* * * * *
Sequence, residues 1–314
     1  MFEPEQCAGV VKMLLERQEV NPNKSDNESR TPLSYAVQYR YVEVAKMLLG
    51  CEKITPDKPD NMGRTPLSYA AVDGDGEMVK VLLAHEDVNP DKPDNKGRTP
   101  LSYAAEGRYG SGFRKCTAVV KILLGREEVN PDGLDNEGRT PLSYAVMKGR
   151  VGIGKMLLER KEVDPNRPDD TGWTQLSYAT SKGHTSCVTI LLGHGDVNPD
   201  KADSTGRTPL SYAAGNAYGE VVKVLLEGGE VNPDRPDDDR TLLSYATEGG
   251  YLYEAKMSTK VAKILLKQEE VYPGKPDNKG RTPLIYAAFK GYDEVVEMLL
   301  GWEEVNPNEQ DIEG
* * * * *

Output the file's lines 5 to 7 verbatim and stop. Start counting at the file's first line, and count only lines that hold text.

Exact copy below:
   151  VGIGKMLLER KEVDPNRPDD TGWTQLSYAT SKGHTSCVTI LLGHGDVNPD
   201  KADSTGRTPL SYAAGNAYGE VVKVLLEGGE VNPDRPDDDR TLLSYATEGG
   251  YLYEAKMSTK VAKILLKQEE VYPGKPDNKG RTPLIYAAFK GYDEVVEMLL